I watch a major segment of the blogging industry closely. Women bloggers.
The writing industry has always been a tough nut to crack. Book publishing is not dead, but it has gone digital. Magazine publishing is shifting and a large percentage of women read blogs instead of picking up a magazine for some female-centric time. The magazine industry trends mirror the expansion of tablet, smart phones and other digital delivery devices.
But as for the blogging industry, there is no single industrial cluster that examines this area of publishing that can really compare to organizations and centralized research that support the print industry to the same degree. OPA is probably the closest thing to an association of digital publishers. But this organization is focused on publishing for profit and the changing world of small online publishers advocacy publication may not be well represented with the weight given this publication.
So where do bloggers go to get data to inform their publication practices? This is a very real concern of mine as I watch some of the best bloggers I know stumble over what should be standard blogging practices. I am exploring here, not criticizing, or problem solving.
Information PathWays – Distribution and Networks
Bloggers count on readers finding them through search and word-of-mouth, although the latter is more like word-of-web these days. Best practices will keep you out of hot water with DMCA take-downs and the FTC fines but please Google may be the most important current practice of all because Google is the Gatekeeper of digital pathways.
Peer Information Exchange versus Selling to Your Peers
The really good bloggers I know who win awards, who are asked to do public speaking, and who seem to have the best advertisers (read money-making) on their sites, still seem to be floundering around a bit when it comes to networking. My evidence for this comes from:
- watching one of the most promising networks of bloggers since BlogHer started crash and burn within the last year because of a very old and predictable snafu. There was a difference of vision.
- watching the rise of Facebook Groups dedicated to the blogging process that turn into distribution networks for link spam. The Groucho adage is true here: ” I don’t want to be a member of any group that would have me as a member.” Bloggers who blog for other bloggers tap a finite market of quality, timely topics. Finding the fresh spin on those topics is a difficult task that most bloggers just are not up to navigating in a successful fashion.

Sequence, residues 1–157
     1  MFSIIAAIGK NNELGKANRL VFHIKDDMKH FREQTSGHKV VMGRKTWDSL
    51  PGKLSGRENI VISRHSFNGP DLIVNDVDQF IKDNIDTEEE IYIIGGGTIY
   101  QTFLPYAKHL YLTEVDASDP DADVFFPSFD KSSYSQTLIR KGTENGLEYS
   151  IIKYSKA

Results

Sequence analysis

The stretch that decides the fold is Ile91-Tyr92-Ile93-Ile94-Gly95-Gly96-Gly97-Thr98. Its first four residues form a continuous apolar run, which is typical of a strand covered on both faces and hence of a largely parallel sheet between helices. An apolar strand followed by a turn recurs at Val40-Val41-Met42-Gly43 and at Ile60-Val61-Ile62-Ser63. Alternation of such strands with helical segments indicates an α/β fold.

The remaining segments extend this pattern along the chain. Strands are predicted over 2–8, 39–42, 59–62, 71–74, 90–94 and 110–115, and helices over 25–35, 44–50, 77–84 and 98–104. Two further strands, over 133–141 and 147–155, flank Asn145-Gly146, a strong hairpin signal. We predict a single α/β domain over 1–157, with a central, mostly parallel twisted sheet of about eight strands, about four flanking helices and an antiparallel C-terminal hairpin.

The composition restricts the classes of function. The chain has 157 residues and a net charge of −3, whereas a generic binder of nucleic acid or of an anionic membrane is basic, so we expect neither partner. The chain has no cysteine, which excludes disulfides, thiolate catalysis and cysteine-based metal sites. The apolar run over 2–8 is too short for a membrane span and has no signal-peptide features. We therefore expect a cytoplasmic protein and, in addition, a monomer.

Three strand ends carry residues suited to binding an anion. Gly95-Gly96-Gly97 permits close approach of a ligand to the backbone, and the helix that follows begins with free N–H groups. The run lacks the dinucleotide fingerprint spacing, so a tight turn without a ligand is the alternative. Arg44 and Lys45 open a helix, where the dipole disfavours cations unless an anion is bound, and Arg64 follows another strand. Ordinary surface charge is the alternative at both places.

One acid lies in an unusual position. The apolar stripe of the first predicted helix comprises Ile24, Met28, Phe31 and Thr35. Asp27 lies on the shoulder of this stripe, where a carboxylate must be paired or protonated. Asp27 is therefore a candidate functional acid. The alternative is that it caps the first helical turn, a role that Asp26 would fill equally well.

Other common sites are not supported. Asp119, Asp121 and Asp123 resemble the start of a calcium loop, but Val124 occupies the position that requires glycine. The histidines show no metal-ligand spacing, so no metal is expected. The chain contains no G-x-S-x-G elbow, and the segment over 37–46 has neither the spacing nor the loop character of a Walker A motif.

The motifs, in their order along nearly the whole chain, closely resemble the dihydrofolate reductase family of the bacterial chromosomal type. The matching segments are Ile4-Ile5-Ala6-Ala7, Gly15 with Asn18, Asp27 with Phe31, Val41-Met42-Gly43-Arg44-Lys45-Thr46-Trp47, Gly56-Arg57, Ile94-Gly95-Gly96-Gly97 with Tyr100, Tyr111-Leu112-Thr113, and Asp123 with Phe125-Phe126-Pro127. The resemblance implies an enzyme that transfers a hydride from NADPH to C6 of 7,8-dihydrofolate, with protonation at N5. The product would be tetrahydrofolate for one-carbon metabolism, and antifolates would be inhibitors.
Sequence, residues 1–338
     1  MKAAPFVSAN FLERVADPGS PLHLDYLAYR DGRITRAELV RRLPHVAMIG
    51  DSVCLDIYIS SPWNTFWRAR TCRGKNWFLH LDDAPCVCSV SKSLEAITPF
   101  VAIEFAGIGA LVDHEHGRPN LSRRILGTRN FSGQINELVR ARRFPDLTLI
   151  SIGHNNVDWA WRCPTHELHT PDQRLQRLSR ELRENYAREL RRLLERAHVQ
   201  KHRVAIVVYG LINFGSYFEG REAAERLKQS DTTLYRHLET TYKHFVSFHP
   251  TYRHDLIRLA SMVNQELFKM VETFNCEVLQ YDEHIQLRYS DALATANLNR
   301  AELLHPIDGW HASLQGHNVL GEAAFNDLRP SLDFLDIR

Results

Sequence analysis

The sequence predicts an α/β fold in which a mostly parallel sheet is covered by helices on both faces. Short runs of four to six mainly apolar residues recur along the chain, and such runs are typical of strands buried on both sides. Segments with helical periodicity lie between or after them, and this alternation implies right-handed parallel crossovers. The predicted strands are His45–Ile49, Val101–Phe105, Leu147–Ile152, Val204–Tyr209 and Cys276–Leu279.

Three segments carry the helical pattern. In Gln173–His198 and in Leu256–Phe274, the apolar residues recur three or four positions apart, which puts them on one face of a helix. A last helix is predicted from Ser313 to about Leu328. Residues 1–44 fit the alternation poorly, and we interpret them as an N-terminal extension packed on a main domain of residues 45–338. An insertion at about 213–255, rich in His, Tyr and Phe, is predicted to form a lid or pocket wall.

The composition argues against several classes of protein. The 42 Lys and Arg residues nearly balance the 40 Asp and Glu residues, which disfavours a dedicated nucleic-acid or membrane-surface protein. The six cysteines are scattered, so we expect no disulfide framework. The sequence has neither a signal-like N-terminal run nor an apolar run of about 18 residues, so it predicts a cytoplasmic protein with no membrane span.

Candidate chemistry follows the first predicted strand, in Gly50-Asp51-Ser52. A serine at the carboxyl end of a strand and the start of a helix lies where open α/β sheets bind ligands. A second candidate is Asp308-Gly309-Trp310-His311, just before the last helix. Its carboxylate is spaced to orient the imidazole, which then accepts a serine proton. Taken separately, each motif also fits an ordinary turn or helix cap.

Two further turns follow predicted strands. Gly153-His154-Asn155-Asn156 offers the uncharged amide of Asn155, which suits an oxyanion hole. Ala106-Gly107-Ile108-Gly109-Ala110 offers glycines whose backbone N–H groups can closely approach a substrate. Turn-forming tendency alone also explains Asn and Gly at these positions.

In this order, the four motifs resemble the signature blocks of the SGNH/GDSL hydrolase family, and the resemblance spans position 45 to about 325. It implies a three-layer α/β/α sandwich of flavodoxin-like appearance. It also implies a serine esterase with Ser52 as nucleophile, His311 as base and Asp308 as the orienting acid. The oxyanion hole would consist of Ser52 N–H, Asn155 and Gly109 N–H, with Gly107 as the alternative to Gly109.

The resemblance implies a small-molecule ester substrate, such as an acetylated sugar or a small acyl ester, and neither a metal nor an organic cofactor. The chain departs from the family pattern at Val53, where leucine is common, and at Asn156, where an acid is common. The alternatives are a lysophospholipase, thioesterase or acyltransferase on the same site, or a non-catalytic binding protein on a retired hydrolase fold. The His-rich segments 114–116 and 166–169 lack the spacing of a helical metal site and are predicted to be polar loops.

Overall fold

- the growth of private comment sharing groups who create real comments for each others posts in order to increase their exposure are tapping a potentially closed market while breaking one of Google’s major rules about having “true collaboration and natural back links” as noted in a recent Copy Blogger article
The people behind the ventures that birthed these examples are smart, savvy and successful women who want to tap what they see and feel to be a pulse and trajectory of a new technologically networked society drawing upon emergent properties. Corporations and networks are out-maneuvering the the small players. Imagine that.
What Small Online Writers Do Best
So, my recommendations for small bloggers and digital publishers:
- focus on the new and different
- don’t follow the corporate examples
- network, search, mine and discover
- cultivate stimulating contacts
Will these things guarantee success? Nope. But nearly all successful digital writers will have done these things. Being a low-, under- or un-paid writer constricted by advertisers or publishers who are sapping your creativity and your personal network for their success is not a success strategy either.
Your own geographic communities and online friendships, not in the largest Facebook sense of the word, are what will support and nourish your blogging. Figure out your local social media scene, the maker spaces in your community, like-minded people , and support each those as well as the few social media contacts that really appeal to you.
Bloggers are writers, and no one is ever “just a writer.”
There are, from what I can tell, some very open niches for trade associations and groups for the new breed of digital writers often labelled as “just a blogger.” Information about the work of blogging is woefully disjoint and difficult to access. When writers tap other writers as experts there can be immense reward, but rewarding engagement is less likely to happen when a writer sees another writer as a B to B, or B to C opportunity.